Tech

Congress Proposes Law Requiring Companies to State Terms of Service in Plain Language

In the context: How many ToS, EULAs, and privacy statements have you read? All of them? No one? Statistically speaking, it is most likely that you agree to numerous contracts that you come across on the Internet without reading a word of any of them. Although TS readers are most often in the 10th percentile, 91 percent of average consumers do not read online service agreements.

Congress has proposed legislation that requires online companies to post summaries of their terms of service (ToS) agreements on their websites. The bipartisan bill is called the Terms of Service, Labeling, Design, and Readability Act. TLDR Law. He is sponsored by Representative Lori Trahan, Senator Bill Cassidy and Senator Ben Ray Luhan.

Trahan says the proposed legislation will make it easier for consumers to evaluate the terms of legally binding agreements for the websites and services they use. Poll 2017 showed that 91 percent of consumers agree to enter into service contracts without reading them because they are too long and filled with legal jargon. Indeed, another study from 2008 disclosed that it will take an average of 76 business days to become familiar with all the Terms of Use and other legal documents that they agree to when doing business online.

“Users don’t have to scroll through pages of legal jargon in a website’s terms of use to find out how their data will be used,” said Senator Cassidy. “The requirement for companies to provide an easy-to-understand summary of their terms and conditions should be mandatory and long overdue.”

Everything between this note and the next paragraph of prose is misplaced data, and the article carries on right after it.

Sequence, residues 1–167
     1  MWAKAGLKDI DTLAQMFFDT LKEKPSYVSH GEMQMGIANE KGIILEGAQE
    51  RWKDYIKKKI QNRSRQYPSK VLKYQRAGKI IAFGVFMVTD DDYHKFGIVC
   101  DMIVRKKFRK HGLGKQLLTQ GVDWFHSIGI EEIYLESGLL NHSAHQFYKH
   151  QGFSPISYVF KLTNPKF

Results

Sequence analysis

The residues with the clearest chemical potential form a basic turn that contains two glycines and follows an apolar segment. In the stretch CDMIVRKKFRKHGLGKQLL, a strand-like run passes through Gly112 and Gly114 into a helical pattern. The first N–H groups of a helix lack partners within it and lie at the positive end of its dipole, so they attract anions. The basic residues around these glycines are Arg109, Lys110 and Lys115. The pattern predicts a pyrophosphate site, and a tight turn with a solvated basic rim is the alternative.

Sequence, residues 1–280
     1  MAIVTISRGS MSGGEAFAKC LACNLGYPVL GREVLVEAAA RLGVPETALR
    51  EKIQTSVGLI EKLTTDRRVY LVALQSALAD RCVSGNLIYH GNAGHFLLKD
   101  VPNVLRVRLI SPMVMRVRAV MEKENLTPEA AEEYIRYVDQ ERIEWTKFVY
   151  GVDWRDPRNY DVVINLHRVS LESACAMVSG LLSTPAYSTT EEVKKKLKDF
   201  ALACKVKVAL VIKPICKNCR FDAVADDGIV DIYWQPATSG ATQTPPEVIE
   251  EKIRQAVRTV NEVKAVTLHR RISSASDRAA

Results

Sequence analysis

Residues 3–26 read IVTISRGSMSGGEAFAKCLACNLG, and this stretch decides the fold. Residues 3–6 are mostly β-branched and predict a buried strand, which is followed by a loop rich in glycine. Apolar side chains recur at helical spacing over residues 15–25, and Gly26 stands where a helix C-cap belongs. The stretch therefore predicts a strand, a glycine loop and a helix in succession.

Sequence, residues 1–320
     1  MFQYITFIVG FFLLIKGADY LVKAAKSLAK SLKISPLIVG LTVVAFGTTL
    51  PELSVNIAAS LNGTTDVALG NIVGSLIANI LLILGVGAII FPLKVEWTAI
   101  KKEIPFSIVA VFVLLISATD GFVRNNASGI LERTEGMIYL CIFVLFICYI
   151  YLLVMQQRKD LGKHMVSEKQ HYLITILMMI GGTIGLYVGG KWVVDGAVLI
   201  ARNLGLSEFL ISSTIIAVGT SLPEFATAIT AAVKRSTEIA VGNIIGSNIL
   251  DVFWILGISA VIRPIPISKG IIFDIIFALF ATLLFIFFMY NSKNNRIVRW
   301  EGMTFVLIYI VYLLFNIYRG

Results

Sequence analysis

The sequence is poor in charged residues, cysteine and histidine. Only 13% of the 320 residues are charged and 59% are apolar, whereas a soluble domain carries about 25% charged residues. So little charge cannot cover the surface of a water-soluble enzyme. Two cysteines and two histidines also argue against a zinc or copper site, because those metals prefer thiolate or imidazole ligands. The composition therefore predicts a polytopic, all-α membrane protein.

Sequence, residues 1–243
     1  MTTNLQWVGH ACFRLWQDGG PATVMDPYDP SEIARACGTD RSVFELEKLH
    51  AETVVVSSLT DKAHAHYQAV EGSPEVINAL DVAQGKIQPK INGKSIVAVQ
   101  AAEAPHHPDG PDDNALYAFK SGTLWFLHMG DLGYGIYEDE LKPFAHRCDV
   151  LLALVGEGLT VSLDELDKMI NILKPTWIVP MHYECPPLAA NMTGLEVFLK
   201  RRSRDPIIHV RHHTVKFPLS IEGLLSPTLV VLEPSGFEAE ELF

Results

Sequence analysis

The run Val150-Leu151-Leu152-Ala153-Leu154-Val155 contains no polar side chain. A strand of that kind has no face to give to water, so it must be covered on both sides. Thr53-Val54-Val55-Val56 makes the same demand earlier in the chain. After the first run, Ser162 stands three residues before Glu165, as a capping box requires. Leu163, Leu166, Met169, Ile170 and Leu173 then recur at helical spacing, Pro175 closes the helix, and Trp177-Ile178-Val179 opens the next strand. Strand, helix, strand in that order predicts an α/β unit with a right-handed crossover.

Consolidated statements will provide consumers with transparency regarding data collection, including the types of data collected and how it is used or shared. It also provides information on whether users can delete their personal information and how to do so. Another important detail that the summary should provide is whether the contract requires the user to waive legal rights to their content or legal remedies such as arbitration or class action.

“Consumers deserve to be able to make informed decisions online for themselves and their families,” said Senator Lujan. “Instead of informing, too many companies use long and complicated terms of service agreements to hide important details of their data policies and protect themselves from legal liability.”

The law also requires the summary statement and ToS to be machine-readable and use markup languages ​​such as XML so that researchers and other third parties can easily parse them for accountability. The Federal Trade Commission will be the primary law enforcement agency. However, state attorneys general can sue companies in U.S. District Court if they find that the firm has violated the law in their states.

“Some attackers have chosen to use these agreements to expand their control over users’ personal data and protect themselves from liability,” a spokesman for Trahan said. “This is a problem that goes beyond political parties and it requires solutions like the TLDR Act that do the same thing by demanding transparency and giving power back to consumers.”

Lawmakers didn’t have a firm timetable for when the bill would be presented to the House and Senate, but the laws say it could be some time before the TLDR law could be passed.


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